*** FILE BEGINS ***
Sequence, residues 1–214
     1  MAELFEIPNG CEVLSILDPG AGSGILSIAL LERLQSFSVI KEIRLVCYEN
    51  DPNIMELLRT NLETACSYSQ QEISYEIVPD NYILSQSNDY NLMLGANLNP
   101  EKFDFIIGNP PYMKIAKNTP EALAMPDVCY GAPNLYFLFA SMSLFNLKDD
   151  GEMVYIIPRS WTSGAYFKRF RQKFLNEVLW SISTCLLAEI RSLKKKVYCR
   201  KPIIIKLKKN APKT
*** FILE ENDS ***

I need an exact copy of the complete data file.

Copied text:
Sequence, residues 1–214
     1  MAELFEIPNG CEVLSILDPG AGSGILSIAL LERLQSFSVI KEIRLVCYEN
    51  DPNIMELLRT NLETACSYSQ QEISYEIVPD NYILSQSNDY NLMLGANLNP
   101  EKFDFIIGNP PYMKIAKNTP EALAMPDVCY GAPNLYFLFA SMSLFNLKDD
   151  GEMVYIIPRS WTSGAYFKRF RQKFLNEVLW SISTCLLAEI RSLKKKVYCR
   201  KPIIIKLKKN APKT